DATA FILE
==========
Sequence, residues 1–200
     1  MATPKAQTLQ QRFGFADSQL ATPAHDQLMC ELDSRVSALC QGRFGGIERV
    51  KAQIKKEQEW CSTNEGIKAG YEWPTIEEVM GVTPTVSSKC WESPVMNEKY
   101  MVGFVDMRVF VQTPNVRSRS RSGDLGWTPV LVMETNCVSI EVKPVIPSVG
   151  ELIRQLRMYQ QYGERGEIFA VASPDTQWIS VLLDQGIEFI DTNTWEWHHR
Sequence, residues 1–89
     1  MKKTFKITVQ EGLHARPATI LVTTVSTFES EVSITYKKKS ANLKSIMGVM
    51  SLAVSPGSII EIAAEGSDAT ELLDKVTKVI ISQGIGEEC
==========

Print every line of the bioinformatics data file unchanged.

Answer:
Sequence, residues 1–200
     1  MATPKAQTLQ QRFGFADSQL ATPAHDQLMC ELDSRVSALC QGRFGGIERV
    51  KAQIKKEQEW CSTNEGIKAG YEWPTIEEVM GVTPTVSSKC WESPVMNEKY
   101  MVGFVDMRVF VQTPNVRSRS RSGDLGWTPV LVMETNCVSI EVKPVIPSVG
   151  ELIRQLRMYQ QYGERGEIFA VASPDTQWIS VLLDQGIEFI DTNTWEWHHR
Sequence, residues 1–89
     1  MKKTFKITVQ EGLHARPATI LVTTVSTFES EVSITYKKKS ANLKSIMGVM
    51  SLAVSPGSII EIAAEGSDAT ELLDKVTKVI ISQGIGEEC